“The Castle on the Hill” is one of Goudge’s darkest novels. But it was written while World War II still raged, with little evidence that an Allied victory lay ahead, or was even possible.
But the novel ends with the orphaned children finding a new home, and, surely, new hope.
Similarly, the broken-down musician and Miss Brown cling, hopefully, to the wreckage of their lives, supporting one another, also hoping to build a future. (Their future may not include mutual romantic love, but it is not impossible, and surely many readers hope this will eventually develop.)
May I end by offering a small note of caution. English is a language full of idioms, and almost all words have more than one meaning. This means that Google Translate (Traduction) can be extremely helpful, but is sometimes not correct. I say this from experience, having used Google Translate, very carefully and cautiously, to translate some German verses, in 1950s Advent Calendar books, into English prose, and then use my poetry-writing skill to create good verse translations in English. In doing this, sometimes the English prose that Google Translate gave me was wrong, or nonsense, or unable to handle an unusual German idiom.
Christine Rawlins’, and Sylvia Gower’s books are VERY good, as you know. But Goodle Traduction might have included some errors.
Bon chance. Good health.
I wish you a peaceful Advent — et un jouyeux Noel! (Avec mes apologies pour ma pauvre Francaise!)
Dear John Gough, thank you for your message.
The books of E. Goudge translated into French that I own are:
The Eliot trilogy
L’Arche dans la Tempête
L’Appel du Passé
The Middle Window
La Cité des Cloches
A City of Bells
Tours dans la Brume
Towers in the Mist
La Soeur des Anges
The Sister of Angels
La Maison Enfumée
The Smoky House)
Le Château sur la Colline
The Castle on the Hill
La Maison d’Henriette Henrietta “s House
Le Pays du Dauphin Vert
Green Dolphin Country
Le Petit Cheval Blanc
The little White Horse
La Colline aux Gentianes
La Vallée qui Chante
The Valley of Song
Le Jardin de Belmaray
The Rosemary Tree
La Sorcière Blanche
The White Witch
La Montre du Doyen
The Dean’s Watch
La Senteur de l’Eau
The Scent of Water
Linnets and Valerians
L’Enfant de la Mer
The Child from the Sea. There are others that I don’t own.
My English is not good either and I answer you with … google .. It is a machine which translates and not a human being, which explains the incongruities! But with a little practice and knowledge of the writer, one almost always manages to grasp the general meaning. The most difficult to translate, and often even impossible, are the poetic quotes. Yes, The Castle on the Hill is his darkest book, with a less happy ending than in his other works, but which ends as you say on hope, for these two little girls and for the couple. Have you noticed that in almost all of his novels there is one or more orphans? However, she herself was not an orphan …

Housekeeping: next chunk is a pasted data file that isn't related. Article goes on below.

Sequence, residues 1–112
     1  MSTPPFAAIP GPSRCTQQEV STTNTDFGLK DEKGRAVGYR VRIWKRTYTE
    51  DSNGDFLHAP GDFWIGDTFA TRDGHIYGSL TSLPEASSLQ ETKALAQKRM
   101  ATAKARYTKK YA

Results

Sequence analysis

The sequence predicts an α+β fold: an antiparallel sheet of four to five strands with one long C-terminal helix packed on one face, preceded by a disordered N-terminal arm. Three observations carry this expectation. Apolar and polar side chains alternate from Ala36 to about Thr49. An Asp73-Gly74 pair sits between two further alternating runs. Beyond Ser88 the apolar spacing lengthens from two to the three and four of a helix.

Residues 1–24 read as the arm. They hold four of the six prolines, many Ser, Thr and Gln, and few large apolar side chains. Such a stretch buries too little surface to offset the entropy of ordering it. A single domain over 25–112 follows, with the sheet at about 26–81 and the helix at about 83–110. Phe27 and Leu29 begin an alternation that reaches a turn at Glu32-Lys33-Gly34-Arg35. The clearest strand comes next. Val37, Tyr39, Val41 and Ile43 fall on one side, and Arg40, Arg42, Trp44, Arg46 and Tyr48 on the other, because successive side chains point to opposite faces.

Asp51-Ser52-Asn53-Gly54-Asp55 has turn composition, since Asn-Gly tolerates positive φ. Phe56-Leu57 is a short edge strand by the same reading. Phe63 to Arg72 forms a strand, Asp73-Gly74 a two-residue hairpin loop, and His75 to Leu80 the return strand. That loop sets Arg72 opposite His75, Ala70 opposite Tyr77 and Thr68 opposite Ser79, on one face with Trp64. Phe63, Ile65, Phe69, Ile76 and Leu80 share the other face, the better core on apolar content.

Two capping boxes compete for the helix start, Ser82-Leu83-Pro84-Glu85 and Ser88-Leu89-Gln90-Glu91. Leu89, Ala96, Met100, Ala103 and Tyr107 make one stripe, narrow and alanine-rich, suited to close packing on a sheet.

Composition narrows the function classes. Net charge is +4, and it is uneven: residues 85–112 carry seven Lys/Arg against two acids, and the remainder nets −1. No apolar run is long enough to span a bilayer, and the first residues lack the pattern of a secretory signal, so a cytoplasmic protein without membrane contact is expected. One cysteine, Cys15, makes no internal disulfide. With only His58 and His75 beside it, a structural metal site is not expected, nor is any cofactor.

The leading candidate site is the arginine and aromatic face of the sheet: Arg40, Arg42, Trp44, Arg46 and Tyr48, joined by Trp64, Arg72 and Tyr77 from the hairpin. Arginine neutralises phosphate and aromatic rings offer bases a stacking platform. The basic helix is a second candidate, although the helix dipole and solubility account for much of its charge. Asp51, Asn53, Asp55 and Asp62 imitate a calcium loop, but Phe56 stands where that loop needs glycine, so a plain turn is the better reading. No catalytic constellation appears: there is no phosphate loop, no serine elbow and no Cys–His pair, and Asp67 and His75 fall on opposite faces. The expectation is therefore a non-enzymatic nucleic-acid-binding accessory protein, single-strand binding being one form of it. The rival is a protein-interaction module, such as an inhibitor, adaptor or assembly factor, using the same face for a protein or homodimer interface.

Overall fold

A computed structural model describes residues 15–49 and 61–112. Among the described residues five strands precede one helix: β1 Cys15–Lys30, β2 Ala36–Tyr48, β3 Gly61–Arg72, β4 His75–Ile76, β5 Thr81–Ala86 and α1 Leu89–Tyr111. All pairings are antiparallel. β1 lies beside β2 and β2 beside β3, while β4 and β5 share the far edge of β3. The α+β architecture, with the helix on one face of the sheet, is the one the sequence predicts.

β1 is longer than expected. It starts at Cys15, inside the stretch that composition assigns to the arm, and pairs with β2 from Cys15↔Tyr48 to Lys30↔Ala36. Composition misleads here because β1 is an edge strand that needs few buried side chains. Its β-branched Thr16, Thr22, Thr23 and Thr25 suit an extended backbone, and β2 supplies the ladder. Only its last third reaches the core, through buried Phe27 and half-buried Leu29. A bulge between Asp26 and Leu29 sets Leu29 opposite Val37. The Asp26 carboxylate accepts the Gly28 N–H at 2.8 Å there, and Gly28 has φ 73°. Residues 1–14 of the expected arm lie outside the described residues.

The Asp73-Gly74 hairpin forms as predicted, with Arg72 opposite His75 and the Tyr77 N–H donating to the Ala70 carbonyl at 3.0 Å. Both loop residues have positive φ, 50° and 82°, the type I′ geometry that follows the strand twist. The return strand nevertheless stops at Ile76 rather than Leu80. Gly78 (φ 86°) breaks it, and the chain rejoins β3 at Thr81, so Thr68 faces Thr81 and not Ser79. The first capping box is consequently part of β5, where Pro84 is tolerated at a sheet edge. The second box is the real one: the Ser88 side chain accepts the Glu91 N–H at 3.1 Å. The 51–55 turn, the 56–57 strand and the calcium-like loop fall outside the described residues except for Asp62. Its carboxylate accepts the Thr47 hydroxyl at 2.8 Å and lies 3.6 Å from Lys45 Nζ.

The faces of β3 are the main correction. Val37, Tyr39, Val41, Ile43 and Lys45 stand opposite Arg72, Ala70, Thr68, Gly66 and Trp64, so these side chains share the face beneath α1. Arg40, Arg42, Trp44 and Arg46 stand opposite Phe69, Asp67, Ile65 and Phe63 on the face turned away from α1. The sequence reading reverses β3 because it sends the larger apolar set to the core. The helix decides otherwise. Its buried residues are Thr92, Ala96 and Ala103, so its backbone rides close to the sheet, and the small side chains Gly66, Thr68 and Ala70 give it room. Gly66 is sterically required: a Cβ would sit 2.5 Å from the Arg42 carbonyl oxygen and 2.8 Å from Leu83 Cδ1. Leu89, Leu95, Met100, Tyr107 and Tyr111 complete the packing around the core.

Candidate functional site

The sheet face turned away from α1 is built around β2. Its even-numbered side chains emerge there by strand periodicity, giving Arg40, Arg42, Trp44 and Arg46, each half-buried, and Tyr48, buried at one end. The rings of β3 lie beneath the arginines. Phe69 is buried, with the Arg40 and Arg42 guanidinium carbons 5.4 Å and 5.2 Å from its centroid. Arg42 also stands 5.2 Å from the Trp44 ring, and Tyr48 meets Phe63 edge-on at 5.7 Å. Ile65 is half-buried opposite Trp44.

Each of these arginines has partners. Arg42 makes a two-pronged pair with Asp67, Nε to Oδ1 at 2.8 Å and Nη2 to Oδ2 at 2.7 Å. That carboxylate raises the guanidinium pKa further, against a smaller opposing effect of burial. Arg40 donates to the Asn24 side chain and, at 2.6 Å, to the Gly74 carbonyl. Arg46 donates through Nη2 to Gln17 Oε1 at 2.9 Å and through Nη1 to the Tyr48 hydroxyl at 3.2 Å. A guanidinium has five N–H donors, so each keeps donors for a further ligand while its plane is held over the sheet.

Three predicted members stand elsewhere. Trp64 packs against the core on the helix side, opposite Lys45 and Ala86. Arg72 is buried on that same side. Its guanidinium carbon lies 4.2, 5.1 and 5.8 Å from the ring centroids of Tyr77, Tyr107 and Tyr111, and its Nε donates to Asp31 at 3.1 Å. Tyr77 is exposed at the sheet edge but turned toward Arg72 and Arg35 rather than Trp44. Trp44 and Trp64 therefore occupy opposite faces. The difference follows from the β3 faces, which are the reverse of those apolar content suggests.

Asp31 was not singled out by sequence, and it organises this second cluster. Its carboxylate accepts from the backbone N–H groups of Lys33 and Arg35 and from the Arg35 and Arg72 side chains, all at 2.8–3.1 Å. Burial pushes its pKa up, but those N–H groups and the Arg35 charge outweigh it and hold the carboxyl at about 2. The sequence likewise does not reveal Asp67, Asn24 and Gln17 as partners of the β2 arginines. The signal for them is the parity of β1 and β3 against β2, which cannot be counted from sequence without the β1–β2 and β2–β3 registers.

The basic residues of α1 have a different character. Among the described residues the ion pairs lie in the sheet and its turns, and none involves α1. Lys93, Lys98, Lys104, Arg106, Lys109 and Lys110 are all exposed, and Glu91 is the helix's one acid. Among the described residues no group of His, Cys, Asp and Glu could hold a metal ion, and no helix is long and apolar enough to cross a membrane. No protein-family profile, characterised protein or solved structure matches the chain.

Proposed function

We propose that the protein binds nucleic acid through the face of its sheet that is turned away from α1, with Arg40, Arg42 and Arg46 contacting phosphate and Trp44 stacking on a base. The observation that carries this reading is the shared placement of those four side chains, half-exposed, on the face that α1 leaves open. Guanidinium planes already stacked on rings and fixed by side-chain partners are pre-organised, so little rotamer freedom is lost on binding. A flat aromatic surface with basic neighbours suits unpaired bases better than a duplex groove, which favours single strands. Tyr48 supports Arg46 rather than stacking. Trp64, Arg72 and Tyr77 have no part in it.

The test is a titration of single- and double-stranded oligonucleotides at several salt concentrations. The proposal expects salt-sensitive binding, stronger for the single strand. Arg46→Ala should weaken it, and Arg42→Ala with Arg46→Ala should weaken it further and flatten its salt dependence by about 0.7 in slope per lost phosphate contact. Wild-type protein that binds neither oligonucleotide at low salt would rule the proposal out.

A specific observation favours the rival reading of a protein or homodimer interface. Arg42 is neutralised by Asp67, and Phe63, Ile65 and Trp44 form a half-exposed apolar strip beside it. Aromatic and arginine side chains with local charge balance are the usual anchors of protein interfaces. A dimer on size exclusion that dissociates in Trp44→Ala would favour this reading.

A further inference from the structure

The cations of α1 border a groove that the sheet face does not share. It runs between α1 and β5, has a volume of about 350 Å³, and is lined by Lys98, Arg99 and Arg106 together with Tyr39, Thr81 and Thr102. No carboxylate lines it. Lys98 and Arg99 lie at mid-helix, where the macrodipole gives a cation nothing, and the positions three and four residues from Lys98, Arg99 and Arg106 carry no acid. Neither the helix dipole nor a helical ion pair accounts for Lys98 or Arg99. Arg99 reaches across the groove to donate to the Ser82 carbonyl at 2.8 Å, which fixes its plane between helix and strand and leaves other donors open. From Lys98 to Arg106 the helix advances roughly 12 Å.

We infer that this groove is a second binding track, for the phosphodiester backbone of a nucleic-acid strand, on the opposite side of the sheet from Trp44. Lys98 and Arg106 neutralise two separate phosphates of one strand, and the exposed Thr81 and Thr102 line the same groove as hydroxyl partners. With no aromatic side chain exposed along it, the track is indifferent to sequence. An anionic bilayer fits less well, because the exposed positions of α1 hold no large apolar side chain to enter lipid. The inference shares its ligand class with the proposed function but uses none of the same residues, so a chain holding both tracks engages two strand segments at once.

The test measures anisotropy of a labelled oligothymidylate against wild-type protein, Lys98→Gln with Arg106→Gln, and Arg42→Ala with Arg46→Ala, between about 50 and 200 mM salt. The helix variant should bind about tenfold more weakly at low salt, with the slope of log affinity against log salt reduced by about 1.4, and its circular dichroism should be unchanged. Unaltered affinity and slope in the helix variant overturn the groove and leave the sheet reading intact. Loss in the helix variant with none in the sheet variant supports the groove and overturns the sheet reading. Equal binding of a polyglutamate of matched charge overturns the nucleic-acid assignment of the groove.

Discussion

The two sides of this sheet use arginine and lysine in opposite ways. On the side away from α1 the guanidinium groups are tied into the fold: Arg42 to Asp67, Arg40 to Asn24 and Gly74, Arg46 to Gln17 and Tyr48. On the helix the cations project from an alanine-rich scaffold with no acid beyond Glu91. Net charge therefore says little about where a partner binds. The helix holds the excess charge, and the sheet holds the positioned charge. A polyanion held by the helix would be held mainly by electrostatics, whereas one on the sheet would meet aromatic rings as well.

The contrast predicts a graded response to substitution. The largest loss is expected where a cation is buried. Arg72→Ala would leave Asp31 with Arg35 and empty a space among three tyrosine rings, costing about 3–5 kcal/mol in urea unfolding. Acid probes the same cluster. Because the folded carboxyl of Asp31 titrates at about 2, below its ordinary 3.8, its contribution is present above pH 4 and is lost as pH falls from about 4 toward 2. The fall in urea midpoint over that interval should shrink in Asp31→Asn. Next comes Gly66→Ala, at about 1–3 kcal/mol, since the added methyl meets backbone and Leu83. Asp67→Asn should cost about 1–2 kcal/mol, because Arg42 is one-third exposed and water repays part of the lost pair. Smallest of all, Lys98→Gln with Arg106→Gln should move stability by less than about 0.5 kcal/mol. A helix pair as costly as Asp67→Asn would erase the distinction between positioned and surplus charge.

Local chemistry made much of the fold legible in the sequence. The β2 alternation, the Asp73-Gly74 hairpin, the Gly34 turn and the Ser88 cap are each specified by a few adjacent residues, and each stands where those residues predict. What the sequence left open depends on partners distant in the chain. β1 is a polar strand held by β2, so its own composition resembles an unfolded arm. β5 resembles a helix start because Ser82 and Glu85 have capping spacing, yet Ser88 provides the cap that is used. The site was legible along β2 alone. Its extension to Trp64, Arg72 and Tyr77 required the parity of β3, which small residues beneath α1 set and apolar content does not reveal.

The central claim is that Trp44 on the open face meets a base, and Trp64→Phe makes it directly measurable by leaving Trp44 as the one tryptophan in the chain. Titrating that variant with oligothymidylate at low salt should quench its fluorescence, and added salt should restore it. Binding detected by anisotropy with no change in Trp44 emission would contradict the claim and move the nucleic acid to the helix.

I wish you happy holidays of the end of the year.
Many thanks, Georgine Leblanc, for your quick and helpful reply.
I did not know so many of Goudge’s books had been translated into French — most of them, it seems. I had realised that she was appreciated in her lifetime by French readers. (For example, I found a French magazine article describing a visit to her house in Devon.)
I understand that you are using Google Traduction very sensibly. Of course, poetry is the hardest kind of language to translate because it relies on imagery and metaphor, and poetry often implies meanings that go beyond a literal translation.
Yes, Elizabeth Goudge’s books often include orphans. I am sure their isolation and vulnerability appealed to her sensitive nature. She was not an orphan, of course. But she was an only child, with no brothers or sisters. As a child she longed for the company of other children. She even invented an imaginary or pretend child as a friend, and was very sad when her mother insisted the child was not a real person. (Goudge describes this in her autobiography “The Joy of the Snow”.)
I think that being the daughter of a Church of England priest, who was also a professional theologian (like a professor), made it hard for her to have friends. (Priests seem strange, I feel, to children, in the same way that policemen, for example, seem to be not quite ordinary as grownups.)
The fact that Elizabeth’s mother was also very different from ordinary mothers, because of her serious injury and her chronic pain and disability, must have made Elizabeth feel more isolated, despite having parents.
Moreover, she grew up with a nanny (a woman who lives with the family, and whose daily work involves minding the child, and, in the case of the Goudge’s family, also helping to care for Goudge’s invalid mother.)
That is, I think that in some ways Elizabeth Goudge may have felt herself to be LIKE an orphan. If I am right, that would explain the orphans in her stories — they represent aspects of herself, as a child.
Have a wonderful Advent and a marvellous Christmas!
Dear John, your explanation regarding Elizabeth’s feeling of isolation, certainly justifies all these orphans in her novels